Nine Tools for Ski Mountaineering in Montana Tobacco Roots

Later this week, I’m heading to the Tobacco Root Mountains of Montana for a ski mountaineering lesson offered by Bell Lake Yurt and Montana Alpine Adventures. Most of my downhill skiing experience is limited to keeping up with others, so I see this course as an opportunity to learn, practice and hone skills in a focused setting among other like-minded skiers. I also see it as a perfect opportunity to extended test a few things that really stood out during this year’s Powder Mountain Gear Test Week. Here is what I bring and why. –Tyler Cohen, Editor-in-Chief

This week’s programming. [Photo] Tyler cohen

Ultra Vector Voilé Skis

Voilé could have an Editors’ Choice Award for almost every year that I’ve been an editor, and I still ski their 2010 CE-winning Charger. But their skis aren’t just my favorites – our testers still appreciate Voilé’s accessible and versatile flexes and shapes, especially their light weight and affordable costs. Next year’s Ultra Vector stood out in our March ski test for exactly these features. It’s based on the imprint of their Vector, which was an Editors’ Choice winner in 2011, but with wider dimensions, a turn radius and a rounder flex that I think will be well suited for couloir skiing and conditions. variables. 130/96/114, 7 lb, $ 695

Salomon S / LAB X-Alp Boots

I have already spent a dozen days in the new X-Alp from Salomon and I cannot recover from the comfort of walking. This is thanks to what Salomon calls a “3D rotating cuff”. In walking mode, a vertical split at the back of the cuff allows lateral ankle mobility and allows for a more natural walking stride, especially uphill. It works-really good– and I haven’t noticed that the feature (which locks into place while skiing) detracts from downhill performance on laps or on a handful of soft snow rides all day. But we’ll see how it plays out in steeper and more demanding situations. 98mm last, 5.1 lb, $ 1,099

Dynafit ST Rotation 10 bindings

When Dynafit introduced its Radical 2.0 bindings two seasons ago, the rotary stop received mixed reviews from our testers. On the one hand, this allowed the release of DIN certified bindings, a measure that I can support solidly. On the other hand, it was painful to hang on. Dynafit aimed to solve this problem with the thrust bearing of the new Rotation 10, which centers automatically thanks to internal bearings. The heel piece is also revised, using what Dynafit calls a “bayonet lock,” which essentially means that the heel shank is integrated into the baseplate with a more robust interface. Rotation 10 was not at Powder Mountain, so it will be Countrysideis the first crack to test this new offer. 4-10 DIN, 2.2 lb, $ 650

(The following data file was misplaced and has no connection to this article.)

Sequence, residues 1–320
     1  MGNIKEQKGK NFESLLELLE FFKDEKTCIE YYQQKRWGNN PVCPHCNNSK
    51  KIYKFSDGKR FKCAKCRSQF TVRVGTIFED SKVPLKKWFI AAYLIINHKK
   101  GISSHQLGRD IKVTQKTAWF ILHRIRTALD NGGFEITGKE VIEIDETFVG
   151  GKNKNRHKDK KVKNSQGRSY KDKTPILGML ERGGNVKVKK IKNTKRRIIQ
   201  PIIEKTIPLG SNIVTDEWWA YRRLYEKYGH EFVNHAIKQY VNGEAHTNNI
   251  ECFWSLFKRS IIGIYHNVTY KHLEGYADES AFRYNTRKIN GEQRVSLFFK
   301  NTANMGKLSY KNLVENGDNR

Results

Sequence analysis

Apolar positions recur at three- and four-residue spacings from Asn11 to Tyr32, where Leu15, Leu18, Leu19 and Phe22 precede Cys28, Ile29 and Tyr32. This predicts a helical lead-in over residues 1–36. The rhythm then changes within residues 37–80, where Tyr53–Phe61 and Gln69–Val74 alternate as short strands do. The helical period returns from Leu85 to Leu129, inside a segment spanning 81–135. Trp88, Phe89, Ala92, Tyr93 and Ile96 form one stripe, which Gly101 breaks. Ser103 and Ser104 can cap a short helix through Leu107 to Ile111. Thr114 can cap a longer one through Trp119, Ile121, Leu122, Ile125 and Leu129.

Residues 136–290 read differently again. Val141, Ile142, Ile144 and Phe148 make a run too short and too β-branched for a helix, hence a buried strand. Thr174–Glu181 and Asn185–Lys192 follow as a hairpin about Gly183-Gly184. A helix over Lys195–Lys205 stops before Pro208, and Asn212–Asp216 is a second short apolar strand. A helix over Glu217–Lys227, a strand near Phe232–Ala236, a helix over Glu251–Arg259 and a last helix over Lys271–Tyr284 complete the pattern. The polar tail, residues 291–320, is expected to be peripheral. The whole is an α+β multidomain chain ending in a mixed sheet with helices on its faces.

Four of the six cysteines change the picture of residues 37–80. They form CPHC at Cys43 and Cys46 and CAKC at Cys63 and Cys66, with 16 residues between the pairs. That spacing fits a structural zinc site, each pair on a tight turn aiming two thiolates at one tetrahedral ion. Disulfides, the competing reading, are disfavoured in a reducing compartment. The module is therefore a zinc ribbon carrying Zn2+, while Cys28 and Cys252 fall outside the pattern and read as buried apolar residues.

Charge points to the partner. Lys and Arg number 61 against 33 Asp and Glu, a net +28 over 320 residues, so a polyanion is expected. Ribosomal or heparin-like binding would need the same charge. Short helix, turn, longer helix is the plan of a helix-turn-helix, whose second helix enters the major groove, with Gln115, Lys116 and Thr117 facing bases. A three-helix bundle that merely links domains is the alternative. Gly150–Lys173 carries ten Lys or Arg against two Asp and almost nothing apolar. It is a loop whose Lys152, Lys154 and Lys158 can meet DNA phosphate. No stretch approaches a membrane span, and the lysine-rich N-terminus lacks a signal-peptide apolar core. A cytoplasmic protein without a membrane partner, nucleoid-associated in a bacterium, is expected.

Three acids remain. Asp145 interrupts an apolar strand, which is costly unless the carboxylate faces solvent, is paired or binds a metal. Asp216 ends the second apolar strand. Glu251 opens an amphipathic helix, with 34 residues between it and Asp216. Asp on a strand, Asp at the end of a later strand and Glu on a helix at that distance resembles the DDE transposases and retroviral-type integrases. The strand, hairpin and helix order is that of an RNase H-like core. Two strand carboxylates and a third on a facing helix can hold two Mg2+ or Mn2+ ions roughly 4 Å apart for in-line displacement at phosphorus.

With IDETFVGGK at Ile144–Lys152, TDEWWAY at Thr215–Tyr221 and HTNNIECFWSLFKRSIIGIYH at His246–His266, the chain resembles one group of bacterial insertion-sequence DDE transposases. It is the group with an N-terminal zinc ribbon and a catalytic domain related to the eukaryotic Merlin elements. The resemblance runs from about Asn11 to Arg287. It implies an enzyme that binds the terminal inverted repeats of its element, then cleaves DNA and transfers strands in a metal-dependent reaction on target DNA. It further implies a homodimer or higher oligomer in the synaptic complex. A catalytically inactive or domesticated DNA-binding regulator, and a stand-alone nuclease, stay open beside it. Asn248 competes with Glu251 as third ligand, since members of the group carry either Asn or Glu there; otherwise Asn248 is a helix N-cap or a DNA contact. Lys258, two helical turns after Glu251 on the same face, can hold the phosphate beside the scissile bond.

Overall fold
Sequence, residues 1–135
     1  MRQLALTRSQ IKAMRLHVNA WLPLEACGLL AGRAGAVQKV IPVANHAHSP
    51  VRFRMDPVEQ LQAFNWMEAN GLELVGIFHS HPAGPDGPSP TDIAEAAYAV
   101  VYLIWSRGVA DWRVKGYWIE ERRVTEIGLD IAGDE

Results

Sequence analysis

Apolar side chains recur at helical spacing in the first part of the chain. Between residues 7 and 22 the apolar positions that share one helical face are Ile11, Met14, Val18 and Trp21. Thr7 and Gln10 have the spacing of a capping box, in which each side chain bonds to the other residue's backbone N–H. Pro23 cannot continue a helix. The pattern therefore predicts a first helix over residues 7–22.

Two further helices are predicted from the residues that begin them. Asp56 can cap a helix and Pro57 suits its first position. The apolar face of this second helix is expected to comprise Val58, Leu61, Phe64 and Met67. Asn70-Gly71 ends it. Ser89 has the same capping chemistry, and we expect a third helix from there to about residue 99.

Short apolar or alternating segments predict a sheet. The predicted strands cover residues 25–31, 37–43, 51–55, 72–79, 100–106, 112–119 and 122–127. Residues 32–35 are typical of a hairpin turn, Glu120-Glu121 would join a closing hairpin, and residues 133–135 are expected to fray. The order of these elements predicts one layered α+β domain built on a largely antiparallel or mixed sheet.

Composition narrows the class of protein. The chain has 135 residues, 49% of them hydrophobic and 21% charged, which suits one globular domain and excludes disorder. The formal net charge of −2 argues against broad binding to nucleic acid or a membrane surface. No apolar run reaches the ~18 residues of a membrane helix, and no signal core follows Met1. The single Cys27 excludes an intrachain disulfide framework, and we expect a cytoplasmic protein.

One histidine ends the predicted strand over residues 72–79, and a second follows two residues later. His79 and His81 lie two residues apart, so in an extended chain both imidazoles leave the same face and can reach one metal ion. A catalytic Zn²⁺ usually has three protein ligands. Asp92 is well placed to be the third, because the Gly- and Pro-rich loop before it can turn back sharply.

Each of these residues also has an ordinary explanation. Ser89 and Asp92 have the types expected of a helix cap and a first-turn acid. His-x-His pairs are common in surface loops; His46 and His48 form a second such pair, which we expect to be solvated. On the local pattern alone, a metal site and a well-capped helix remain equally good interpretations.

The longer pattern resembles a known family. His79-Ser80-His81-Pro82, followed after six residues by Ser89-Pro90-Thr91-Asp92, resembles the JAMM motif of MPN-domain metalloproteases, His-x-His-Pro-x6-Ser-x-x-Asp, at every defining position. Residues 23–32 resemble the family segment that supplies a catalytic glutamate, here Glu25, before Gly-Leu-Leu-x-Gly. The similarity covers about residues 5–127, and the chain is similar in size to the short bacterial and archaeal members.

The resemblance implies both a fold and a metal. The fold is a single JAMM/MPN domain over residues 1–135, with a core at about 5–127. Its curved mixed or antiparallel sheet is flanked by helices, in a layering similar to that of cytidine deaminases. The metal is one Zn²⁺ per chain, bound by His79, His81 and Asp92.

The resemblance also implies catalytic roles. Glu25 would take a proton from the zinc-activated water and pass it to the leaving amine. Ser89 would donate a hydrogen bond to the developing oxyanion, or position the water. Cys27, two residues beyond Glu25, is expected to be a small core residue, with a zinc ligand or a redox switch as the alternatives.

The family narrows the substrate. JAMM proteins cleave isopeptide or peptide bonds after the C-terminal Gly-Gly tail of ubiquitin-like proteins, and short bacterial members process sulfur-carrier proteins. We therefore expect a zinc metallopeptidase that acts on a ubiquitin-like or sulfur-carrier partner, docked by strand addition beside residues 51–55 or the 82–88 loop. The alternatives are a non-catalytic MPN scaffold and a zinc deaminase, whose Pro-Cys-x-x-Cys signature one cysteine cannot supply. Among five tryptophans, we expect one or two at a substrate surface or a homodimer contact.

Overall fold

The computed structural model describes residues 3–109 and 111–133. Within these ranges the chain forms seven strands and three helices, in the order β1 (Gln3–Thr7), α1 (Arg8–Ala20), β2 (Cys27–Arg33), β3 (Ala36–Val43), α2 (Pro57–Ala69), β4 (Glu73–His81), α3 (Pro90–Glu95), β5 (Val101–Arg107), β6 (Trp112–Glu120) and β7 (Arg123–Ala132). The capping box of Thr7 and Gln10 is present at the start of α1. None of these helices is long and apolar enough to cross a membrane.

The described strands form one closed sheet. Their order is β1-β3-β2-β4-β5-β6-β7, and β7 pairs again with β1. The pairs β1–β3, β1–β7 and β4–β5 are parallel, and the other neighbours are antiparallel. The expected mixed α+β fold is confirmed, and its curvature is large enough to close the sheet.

The Descensionist pack up close. [Photo] Tyler cohen

Patagonian Decensionist Pack

This new bag is Patagonia’s ski-focused spin-off of its Ascensionist climbing bag with a large-volume safety gear pocket and A-frame and diagonal ski rack. 40L, $ 199

Black Diamond Fixed Length Carbon Poles

I realized three years ago that I hardly ever shorten or lengthen my poles on tour. Or never. So I switched to this pair of fixed length carbon poles that withstood all the abuse I put them through. 1 book $ 199

Salomon MTN laboratory helmet

This is my go-to backcountry helmet and, in addition to weighing next to nothing, it is doubly certified for skiing. and impacts related to climbing, so that my brainpower and my wife stay happy. 8.8 ounces, $ 200

Some security features. [Photo] Tyler cohen

Black Diamond Corridor Harness

Black Diamond has since released a lightweight version of this harness, and the original and updated models are designed to be easily put on or take off while wearing skis or crampons. This is great for mountaineering or for pooping. 7.5 ounces, $ 65

Camp XCL Nanotech crampons and Corsa Nanotech ice tool

The weather forecast calls for snow in the tobacco roots over the next few days, so I intend to forgo heavy metal sharp objects for the steel-tipped crampons and aluminum body and ice ax. Camp. 21.1 oz, $ 200 (crampons), 8.8 oz, $ 160 (ice ax)

Snow wax

What’s the point of carrying a lightweight setup if each ski is covered with 10 lbs. of snow? This non-stick spray is a water-based lubricant designed to prevent snow from blackening the topsheets. I have found this to work especially well on matte or textured topsheets like Voilé’s. 4 fl. ounce, $ 14

The skis, boots, bindings and pack mentioned here will not be available until this fall. Do you want to know how it was tested? Subscribe now to get the Gear Guide, available at the end of the summer.